Concurrency introduces parallelism into our applications, and threading is, of course, one way to achieve concurrency. But it turns out that in Ruby, this relation is not transitive: execution parallelism is not the same thing as threading
. In fact, if you’re looking for parallelism in your Ruby application, you should be looking at process parallelism instead. So why is that?
Ruby under the covers: Global Interpreter Lock
To understand what’s going on, we need to take a closer look at the Ruby runtime. Whenever you launch a Ruby application, an instance of a Ruby interpreter is launched to parse your code, build an AST tree, and then execute the application you’ve requested – thankfully, all of this is transparent to the user. However, as part of this runtime, the interpreter also instantiates an instance of a Global Interpreter Lock (or more affectionately known as GIL), which is the culprit of our lack of concurrency:
Global Interpreter Lock is a mutual exclusion lock held by a programming language interpreter thread to avoid sharing code that is not thread-safe with other threads. There is always one GIL for one interpreter process.Usage of a Global Interpreter Lock in a language effectively limits concurrency of a single interpreter process with multiple threads — there is no or very little increase in speed when running the process on a multiprocessor machine.
Deciphering the Global Interpreter Lock
To make this a little less abstract, let’s first look at Ruby 1.8. First, a single OS thread is allocated for the Ruby interpreter, a GIL lock is instantiated, and Ruby threads (‘Green Threads‘), are spooled up by our program. As you may have guessed, there is no way for this Ruby process to take advantage of multiple cores: there is only one kernel thread available, hence only one Ruby thread can execute at a time.
Ruby 1.9 looks much more promising! Now we have many native threads attached to our Ruby interpreter, but now the GIL is the bottleneck. The interpreter guards itself against non thread-safe code (your code, and native extensions) by only allowing a single thread to execute at a time. End effect: Ruby MRI process, or any other language which has a Global Interpreter Lock (Python, for example, has a very similar threading model to Ruby 1.9) will never take advantage of multiple cores! If you have a dual core CPU, you’ll have to run two separate processes.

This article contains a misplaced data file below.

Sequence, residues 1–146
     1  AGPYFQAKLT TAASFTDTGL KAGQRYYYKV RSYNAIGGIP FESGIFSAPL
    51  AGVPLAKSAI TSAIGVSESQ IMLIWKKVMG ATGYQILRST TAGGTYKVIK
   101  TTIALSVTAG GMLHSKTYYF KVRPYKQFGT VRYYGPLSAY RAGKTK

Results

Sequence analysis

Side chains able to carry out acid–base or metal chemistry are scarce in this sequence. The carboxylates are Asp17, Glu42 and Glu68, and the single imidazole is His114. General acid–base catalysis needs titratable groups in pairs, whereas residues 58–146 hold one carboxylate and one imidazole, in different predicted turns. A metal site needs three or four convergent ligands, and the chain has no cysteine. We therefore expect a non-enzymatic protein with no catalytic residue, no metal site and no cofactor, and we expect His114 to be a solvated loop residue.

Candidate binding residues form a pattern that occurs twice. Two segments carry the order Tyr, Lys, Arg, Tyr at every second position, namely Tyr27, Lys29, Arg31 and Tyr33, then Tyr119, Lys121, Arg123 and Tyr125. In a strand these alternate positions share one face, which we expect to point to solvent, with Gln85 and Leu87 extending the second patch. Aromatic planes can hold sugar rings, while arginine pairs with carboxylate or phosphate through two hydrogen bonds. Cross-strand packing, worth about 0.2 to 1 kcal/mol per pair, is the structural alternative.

JRuby is, in fact, the only Ruby implementation that will allow you to natively scale your Ruby code across multiple cores. By compiling Ruby to bytecode and executing it on the JVM, Ruby threads are mapped to OS threads without a GIL in between – that’s at least one reason to look into JRuby.
The implications of the GIL are surprising at first, but it turns out the solution to this problem is not all that complex: instead of thinking in threads, think how you could split the workload between different processes. Not only will you bypass an entire class of problems associated with concurrent programming (it’s hard!), but you are also much more likely to end up with a horizontally scalable architecture for your application. Here are the steps:
- Partition the work, or decompose your application
- Add a communications / work queue (Starling, Beanstalkd, RabbitMQ)
- Fork, or run multiple instances of you application
- Not surprisingly, many of the Ruby applications have already adopted this strategy: a typical Rails deployments is powered by a cluster of app servers (Mongrel, Ebb, Thin), and alternative strategies like EventMachine, and Revactor (equivalents of Twisted in Python) are gaining ground as a simple way to defer and parallelize your network IO without introducing threads into your application.